Claudius, 41-54. Aureus (Gold, 19 mm, 7.81 g, 11 h), Lugdunum, 46-47. TI CLAVD CAESAR AVG•P M•TR•P•VI IMP•XI Laureate head of Claudius to right. Rev. Triumphal arch surmounted by equestrian statue left between two trophies, the rider raising his right hand in salute and holding spear in his left; on architrave, DE BRITANN. BMC 32. Calicó 349a. CBN 54. Cohen 17. RIC 33. An very attractive example of this historically important issue, well struck in high relief and with a very expressive portrait. Traces of mounting and with a few light marks, otherwise, about extremely fine.
Ex Auctiones AG 24, 23-24 June 1994, 460.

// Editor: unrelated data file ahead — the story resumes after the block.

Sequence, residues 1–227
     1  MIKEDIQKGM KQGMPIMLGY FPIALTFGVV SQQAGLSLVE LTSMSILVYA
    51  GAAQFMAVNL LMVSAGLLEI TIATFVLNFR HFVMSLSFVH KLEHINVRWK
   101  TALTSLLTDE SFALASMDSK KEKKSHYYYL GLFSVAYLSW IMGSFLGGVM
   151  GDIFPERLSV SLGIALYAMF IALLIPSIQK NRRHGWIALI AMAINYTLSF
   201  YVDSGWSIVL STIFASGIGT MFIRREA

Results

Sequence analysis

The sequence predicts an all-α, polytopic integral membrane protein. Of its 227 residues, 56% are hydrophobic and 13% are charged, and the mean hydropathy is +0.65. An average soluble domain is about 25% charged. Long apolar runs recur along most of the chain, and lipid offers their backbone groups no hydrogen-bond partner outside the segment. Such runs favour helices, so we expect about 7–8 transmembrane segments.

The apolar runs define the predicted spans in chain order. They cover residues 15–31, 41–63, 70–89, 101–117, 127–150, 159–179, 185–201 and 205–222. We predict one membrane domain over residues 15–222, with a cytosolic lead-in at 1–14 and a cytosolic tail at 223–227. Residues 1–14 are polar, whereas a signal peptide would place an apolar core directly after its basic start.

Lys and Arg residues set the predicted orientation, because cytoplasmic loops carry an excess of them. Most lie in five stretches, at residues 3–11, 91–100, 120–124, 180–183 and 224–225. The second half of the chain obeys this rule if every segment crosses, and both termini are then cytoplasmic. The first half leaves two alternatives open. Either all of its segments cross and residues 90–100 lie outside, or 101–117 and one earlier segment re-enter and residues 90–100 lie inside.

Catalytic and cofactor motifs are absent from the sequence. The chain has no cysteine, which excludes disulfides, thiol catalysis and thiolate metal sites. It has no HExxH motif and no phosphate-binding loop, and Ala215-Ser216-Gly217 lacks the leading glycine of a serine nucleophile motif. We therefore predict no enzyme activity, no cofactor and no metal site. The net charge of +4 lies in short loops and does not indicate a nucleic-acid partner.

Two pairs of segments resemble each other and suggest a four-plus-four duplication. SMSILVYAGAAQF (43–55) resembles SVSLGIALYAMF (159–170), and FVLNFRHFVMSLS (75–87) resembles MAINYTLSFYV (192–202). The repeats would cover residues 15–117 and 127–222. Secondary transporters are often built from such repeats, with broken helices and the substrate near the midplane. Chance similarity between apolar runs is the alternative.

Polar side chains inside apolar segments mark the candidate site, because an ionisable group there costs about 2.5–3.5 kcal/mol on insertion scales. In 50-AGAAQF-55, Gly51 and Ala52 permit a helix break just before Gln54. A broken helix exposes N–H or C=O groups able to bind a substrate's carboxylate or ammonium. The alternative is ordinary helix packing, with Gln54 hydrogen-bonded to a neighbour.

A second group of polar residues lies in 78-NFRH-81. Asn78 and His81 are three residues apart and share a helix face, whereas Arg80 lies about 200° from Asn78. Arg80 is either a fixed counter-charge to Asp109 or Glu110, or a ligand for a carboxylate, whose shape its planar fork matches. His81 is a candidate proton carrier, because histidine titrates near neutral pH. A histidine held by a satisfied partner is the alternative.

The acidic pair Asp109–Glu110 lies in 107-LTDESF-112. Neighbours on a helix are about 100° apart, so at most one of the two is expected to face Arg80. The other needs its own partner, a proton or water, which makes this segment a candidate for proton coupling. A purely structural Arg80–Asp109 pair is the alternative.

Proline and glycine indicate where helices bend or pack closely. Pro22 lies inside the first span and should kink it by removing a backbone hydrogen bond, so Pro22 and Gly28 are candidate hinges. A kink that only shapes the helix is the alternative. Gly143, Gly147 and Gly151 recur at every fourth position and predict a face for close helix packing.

When Claudius was made emperor by the Praetorian Guard in 41, it was more because of his pedigree than any suspected skill at governing. Perhaps to make up for this, he quickly sought to conquer new territory. Britain had already been invaded twice before by Julius Caesar without any permanent annexation, while Caligula's intended campaign in 40 reportedly ended in little more than ordering his troops to stab at the English Channel's waves and collect seashells. In 43, perhaps under the pretext of restoring Verica, the Atrebatic king, the southern part of the island was conquered in a swift military operation. After receiving the submission of several rulers, Claudius returned to Rome victorious, and a splendid arch was built to commemorate his success, as depicted on our coin. Unfortunately for the Britons and the Roman soldiers on their island, Claudius' return to Rome did not bring the bitter campaigns to a close, and it would take the empire several more decades to permanently subdue the resistance of the various indigenous tribes in what is today England and Wales.